Fishing Effort Survey At-a-Glance
NOAA Fisheries’ Marine Recreational Information Program implements a national network of recreational fishing surveys. The Fishing Effort Survey gathers information about the number of trips anglers take in Hawaii and along the Atlantic and Gulf coasts.
How does NOAA Fisheries collect information about recreational fishing effort?
NOAA Fisheries' Marine Recreational Information Program administers a household mail Fishing Effort Survey from Main to Mississippi and in Hawaii. FES is self-administered and collects trip information for each resident of a responding household where we ask them to report their trips over a specified time period. To sample, we use a USPS list of residential addresses matched to the National Saltwater Angler Registry, which is a database of licensed anglers. This creates a sampling frame of licensed and unlicensed households, and we sample those at different rates. This is done to help obtain a representative sample while optimizing sampling efficiency.
The number of trips taken from for-hire vessels is collected through the For-Hire Survey.
FES collects trip information for each resident of a responding household for specified two-month periods:
- Number of days fished from shore in state of residence
- Number of days fished from private or rental boat in state of residence
Because our sample needs to represent the fishing activity of all residents of participating states—and not just the residents who fish—all household members are asked to respond, even if they didn’t fish during the period of time the survey asks about.
How many mail surveys are sent out each year, and how many people respond?
Each year, about 303,000 residential households across 17 states receive the Fishing Effort Survey in the mail. Response rates are consistently above 30 percent. The Fishing Effort Survey also includes questions about weather and outdoor activity. A response from someone who didn’t fish at all is just as valuable to our survey as one from someone who fished every day.
Read our annual FES reports for response rates and other survey details
How are the data collected by the Fishing Effort Survey used?
Our fishing effort data are combined with catch-per-trip data to produce estimates of total recreational catch. State and federal stock assessment scientists use recreational catch estimates to inform their understanding of stock size and sustainable harvest levels. Fisheries managers use this information to set regulations that balance access to fishing and promote the long-term health of fish populations.
Learn how we estimate total recreational catch
How does responding to the Fishing Effort Survey benefit me?
Your participation in our surveys helps us produce more accurate estimates of recreational catch and effort. These estimates help stock assessment scientists and fisheries managers monitor the health of fish stocks and support sustainable fishing opportunities now and for generations to come.
If I haven't been surveyed, how do I know my trips count?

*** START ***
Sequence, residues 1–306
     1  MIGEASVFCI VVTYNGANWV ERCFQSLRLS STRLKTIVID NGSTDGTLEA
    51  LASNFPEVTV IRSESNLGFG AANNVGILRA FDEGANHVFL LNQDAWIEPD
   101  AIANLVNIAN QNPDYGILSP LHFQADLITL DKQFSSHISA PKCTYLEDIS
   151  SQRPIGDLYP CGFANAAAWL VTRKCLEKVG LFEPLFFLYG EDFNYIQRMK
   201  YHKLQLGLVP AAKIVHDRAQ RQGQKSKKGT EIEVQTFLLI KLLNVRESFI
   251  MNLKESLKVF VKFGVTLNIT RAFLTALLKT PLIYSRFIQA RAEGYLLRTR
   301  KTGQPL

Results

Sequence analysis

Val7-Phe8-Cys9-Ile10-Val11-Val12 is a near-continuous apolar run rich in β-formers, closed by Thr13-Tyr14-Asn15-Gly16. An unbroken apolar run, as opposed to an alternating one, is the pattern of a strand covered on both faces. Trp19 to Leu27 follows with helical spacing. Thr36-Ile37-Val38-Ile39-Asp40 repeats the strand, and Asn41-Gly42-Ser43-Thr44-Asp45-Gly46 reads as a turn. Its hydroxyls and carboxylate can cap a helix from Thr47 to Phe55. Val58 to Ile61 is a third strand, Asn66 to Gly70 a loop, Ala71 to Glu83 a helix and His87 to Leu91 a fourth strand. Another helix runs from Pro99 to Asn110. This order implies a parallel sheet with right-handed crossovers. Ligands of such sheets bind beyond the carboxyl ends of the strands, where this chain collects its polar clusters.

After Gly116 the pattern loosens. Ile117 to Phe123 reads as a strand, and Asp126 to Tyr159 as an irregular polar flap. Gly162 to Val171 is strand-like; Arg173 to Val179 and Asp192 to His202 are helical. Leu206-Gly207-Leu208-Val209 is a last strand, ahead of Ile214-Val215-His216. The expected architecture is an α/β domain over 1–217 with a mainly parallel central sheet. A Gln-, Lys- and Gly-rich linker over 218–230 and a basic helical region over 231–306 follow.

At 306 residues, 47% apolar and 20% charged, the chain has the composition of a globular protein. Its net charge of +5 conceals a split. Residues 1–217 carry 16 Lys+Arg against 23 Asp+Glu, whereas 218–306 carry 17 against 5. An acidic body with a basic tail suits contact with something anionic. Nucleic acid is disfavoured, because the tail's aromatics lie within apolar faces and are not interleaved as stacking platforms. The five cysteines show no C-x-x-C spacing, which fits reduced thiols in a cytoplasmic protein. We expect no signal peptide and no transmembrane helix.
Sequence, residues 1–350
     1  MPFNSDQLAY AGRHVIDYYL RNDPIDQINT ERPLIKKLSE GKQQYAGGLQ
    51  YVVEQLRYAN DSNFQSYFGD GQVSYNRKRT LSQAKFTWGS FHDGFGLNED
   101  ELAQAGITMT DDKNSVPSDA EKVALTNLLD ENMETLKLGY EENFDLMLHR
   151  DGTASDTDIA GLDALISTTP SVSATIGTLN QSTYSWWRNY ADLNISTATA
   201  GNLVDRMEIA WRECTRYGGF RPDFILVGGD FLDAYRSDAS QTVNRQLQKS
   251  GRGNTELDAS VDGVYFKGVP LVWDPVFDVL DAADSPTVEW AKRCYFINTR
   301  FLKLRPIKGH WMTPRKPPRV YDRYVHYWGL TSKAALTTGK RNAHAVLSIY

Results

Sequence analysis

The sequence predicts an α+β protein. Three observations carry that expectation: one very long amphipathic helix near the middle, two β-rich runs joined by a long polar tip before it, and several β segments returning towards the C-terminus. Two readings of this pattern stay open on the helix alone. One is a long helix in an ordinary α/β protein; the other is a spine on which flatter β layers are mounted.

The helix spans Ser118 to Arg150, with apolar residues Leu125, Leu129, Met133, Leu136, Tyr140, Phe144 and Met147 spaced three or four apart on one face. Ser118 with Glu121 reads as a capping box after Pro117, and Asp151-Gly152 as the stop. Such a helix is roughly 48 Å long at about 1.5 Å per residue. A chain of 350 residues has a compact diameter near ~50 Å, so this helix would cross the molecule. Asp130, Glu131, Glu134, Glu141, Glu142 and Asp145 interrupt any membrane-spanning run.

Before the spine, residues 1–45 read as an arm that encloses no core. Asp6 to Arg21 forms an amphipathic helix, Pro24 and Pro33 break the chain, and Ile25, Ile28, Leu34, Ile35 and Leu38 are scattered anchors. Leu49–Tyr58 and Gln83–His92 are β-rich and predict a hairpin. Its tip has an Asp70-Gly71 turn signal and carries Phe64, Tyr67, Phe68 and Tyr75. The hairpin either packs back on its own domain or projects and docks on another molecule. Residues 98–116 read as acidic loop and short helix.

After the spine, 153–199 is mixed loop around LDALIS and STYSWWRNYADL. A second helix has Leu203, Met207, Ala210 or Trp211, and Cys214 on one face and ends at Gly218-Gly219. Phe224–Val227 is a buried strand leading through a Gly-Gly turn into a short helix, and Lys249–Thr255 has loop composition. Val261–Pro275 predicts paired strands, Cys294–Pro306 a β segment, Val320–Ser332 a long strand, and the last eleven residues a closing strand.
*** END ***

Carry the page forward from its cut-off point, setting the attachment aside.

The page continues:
We take steps to ensure the sample of households we survey is representative of the recreational fishing population in our target states. Sample surveys are a standard statistical survey method and allow us to draw reasonable conclusions about the full recreational fishing community without having to collect catch and effort information from each of our millions of saltwater anglers.
Learn more about survey statistics
How do you measure effort from anglers that don't live in coastal states?
While the Fishing Effort Survey is only sent to households in coastal states, the Access Point Angler Intercept Survey, which is used to estimate catch-per-trip, is conducted with recreational anglers regardless of where they reside. Because the APAIS asks anglers through dockside interviews to report their state and county of residence, its data can be used to calculate a coverage adjustment that can be applied to our effort estimates to account for out-of-frame angler trips. It would be expensive and inefficient to conduct the FES in non-coastal states, where the likelihood of reaching households whose residents participated in marine recreational fishing is low.
Why do you collect demographic data?
Questions about age, gender, race, and ethnicity help us determine whether our sample is representative of the full fishing community. By comparing our data to population benchmarks provided by the U.S. Census Bureau, we can determine whether our sample is over- or under-representing any major population group, and whether statistical adjustments must be applied. Including questions about demographic characteristics is a common survey practice, and all federal surveys must be reviewed and approved to ensure demographic questions are appropriately asked.
Are your survey design and effort estimates reliable?
While no statistical surveys are free of errors, our staff practice extensive quality assurance and control measures before our estimates are published. This includes checking for errors in data entry and investigating any unusual changes in trends for high-interest, rare-event, and federally managed species. As part of our commitment to continuous evaluation and improvement, we regularly conduct research on our existing methods of data collection and recommend new or improved survey designs. This includes our transition from the coastal household telephone survey to FES.
Learn more about the transition to the FES